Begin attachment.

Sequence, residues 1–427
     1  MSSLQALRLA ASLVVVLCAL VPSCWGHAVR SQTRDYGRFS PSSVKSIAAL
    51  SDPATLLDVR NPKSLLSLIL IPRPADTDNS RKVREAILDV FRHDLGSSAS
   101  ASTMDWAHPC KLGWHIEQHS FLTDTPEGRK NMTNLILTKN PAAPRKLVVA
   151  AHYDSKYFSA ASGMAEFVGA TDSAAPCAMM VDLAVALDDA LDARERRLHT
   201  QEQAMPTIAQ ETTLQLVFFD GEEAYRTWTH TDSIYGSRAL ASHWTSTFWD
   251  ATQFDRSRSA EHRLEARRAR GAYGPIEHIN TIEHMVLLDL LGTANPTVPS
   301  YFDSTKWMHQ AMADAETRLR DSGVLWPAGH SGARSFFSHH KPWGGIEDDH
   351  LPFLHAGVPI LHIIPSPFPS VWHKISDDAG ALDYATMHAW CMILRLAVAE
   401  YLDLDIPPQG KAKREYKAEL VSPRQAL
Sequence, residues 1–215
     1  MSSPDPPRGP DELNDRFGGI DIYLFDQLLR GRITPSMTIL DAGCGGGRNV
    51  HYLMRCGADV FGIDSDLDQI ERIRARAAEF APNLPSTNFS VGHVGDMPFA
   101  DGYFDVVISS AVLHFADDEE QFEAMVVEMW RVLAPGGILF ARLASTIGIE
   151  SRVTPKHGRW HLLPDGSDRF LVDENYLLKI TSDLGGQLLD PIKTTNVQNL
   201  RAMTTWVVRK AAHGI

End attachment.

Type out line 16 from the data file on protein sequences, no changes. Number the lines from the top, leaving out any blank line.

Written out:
   201  RAMTTWVVRK AAHGI